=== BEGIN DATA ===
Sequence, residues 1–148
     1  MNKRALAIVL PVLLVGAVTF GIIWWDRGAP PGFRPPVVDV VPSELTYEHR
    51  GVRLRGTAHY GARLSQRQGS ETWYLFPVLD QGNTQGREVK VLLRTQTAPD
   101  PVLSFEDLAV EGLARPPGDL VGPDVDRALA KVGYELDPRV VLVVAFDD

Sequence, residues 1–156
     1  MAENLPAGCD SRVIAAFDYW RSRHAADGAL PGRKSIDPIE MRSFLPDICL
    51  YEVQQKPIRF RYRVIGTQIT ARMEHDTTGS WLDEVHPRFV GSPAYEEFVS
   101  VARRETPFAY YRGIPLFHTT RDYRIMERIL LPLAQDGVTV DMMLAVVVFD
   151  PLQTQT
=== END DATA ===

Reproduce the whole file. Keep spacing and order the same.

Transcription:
Sequence, residues 1–148
     1  MNKRALAIVL PVLLVGAVTF GIIWWDRGAP PGFRPPVVDV VPSELTYEHR
    51  GVRLRGTAHY GARLSQRQGS ETWYLFPVLD QGNTQGREVK VLLRTQTAPD
   101  PVLSFEDLAV EGLARPPGDL VGPDVDRALA KVGYELDPRV VLVVAFDD

Sequence, residues 1–156
     1  MAENLPAGCD SRVIAAFDYW RSRHAADGAL PGRKSIDPIE MRSFLPDICL
    51  YEVQQKPIRF RYRVIGTQIT ARMEHDTTGS WLDEVHPRFV GSPAYEEFVS
   101  VARRETPFAY YRGIPLFHTT RDYRIMERIL LPLAQDGVTV DMMLAVVVFD
   151  PLQTQT